The Honors College is pleased to announce that Julia Zavala, a fourth-year biology major on a pre-medical track, was selected as the recipient of the 2021 Joe Hendricks Honors College Scholarship for Academic Excellence. Ashley Francis, Madeleine Seifert and Shrida Sharma were named runners-up for this prestigious award.
Each year, the Hendricks Scholarship recognizes outstanding Honors College students for their academic accomplishments, research and campus engagement. Faculty members are invited to nominate students, and winners – who receive a $2,500 scholarship award – are selected by an Honors College committee.
The award is named for Joe Hendricks, the founding dean of the Honors College, and it was created by alumni and friends to acknowledge Dean Hendricks upon his retirement.
Julia says she was “super excited” when she learned she was the first-place recipient of the Hendricks Scholarship. She is president of the OSU Minority Association of Pre-Medical Students, co-chair of the OSU chapter of Movimiento Estudiantil Chicano de Aztlán and a student assistant at the diversity office at Oregon State, in addition to her academic and research pursuits.
Julia’s favorite thing about the Honors College, she says, has been the chance to conduct thesis research. Her thesis examines disparities in seeking help for depression in college students of color, and she has worked with mentor Dr. David Kerr from the School of Psychological Science, who nominated her for the scholarship. She will be defending her thesis research this spring.
“These are the things I’m most passionate about, and that’s definitely been my favorite part about the Honors College,” Julia says.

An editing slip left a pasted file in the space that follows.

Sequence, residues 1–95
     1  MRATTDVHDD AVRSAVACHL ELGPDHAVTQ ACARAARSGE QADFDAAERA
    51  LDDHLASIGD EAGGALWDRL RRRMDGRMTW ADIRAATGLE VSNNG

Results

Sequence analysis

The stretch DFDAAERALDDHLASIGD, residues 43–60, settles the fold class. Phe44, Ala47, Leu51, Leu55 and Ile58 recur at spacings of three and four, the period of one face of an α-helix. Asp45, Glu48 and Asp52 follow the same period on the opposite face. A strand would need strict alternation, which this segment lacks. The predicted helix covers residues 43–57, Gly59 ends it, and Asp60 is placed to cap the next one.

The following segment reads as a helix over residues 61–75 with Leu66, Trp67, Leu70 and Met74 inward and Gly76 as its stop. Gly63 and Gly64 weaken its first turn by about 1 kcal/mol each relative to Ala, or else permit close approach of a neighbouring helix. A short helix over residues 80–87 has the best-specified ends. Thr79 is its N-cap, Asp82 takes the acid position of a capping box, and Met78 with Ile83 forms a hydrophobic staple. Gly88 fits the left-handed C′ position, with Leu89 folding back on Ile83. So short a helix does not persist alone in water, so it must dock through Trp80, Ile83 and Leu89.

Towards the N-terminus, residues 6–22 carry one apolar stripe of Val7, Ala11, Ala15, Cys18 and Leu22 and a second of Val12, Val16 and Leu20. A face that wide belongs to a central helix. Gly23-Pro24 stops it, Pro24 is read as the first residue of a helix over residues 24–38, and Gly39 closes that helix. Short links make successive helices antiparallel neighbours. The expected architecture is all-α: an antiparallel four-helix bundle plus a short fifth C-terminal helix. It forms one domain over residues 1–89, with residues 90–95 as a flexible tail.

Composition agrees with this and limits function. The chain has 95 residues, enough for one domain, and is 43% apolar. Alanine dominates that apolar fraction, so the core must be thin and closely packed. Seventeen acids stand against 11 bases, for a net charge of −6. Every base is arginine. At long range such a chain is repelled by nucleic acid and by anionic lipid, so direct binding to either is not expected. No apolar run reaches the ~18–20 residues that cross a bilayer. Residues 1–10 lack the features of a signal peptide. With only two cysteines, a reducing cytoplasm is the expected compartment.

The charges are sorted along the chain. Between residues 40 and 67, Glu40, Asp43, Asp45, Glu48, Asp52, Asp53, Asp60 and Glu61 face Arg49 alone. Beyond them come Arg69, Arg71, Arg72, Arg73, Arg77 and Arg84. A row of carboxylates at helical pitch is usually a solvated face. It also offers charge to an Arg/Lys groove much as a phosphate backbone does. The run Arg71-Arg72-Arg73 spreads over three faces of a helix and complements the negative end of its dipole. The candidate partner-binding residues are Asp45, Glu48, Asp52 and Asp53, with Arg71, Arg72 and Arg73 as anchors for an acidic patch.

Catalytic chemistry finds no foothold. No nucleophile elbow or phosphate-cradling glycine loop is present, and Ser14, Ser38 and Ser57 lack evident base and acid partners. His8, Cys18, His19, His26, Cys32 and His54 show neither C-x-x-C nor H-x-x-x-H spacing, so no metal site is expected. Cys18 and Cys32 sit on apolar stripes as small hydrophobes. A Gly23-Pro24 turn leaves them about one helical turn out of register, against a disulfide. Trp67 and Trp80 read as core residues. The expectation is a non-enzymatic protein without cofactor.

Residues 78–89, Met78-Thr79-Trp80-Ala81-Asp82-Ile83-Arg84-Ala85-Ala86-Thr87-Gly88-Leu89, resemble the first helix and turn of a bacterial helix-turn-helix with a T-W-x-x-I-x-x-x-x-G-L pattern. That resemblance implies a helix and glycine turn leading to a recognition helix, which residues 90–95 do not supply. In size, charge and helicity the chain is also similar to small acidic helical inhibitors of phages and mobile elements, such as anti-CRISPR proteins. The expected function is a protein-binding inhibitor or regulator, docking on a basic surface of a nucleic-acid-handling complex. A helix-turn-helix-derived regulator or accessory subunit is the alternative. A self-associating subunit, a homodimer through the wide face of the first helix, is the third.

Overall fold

While the cash prize is welcome, Julia says she feels particularly grateful to be recognized. “It meant a lot to be recognized for all the hard work I’m doing, especially since it’s my last term here. It’s kind of like ending with a bang.”
Fourth-year psychology and pre-med student and Hendricks Scholarship runner-up Shrida Sharma shared this sentiment with Julia: “I was really excited — it really just gives me the recognition I didn’t think I needed,” she says.
Shrida is a cartoonist for the OSU school newspaper The Daily Barometer, a media assistant and ambassador for the Honors College, a Zumba instructor at Dixon Recreation Center, a research assistant in the Interpersonal Sensitivity Lab, a volunteer at the Community Outreach, Inc. free medical clinic and is involved with the pre-medical society and intramural soccer. She defended her honors thesis about childhood sports and personality development on April 21; however, it was a project she started after taking an honors colloquium course that sparked her nomination.
During the colloquium One Small Ladleful: Poetry of Hunger, Shrida was inspired to conduct a chalk walk — a series of written chalk designs that formed a path leading to a booth providing information and resources — to raise awareness about food insecurity using hunger-related poetry on campus. She completed the project with Dr. Stella Coakley and Dr. Hiram Larew, the leaders of the colloquium, who both nominated her for the Hendricks Scholarship.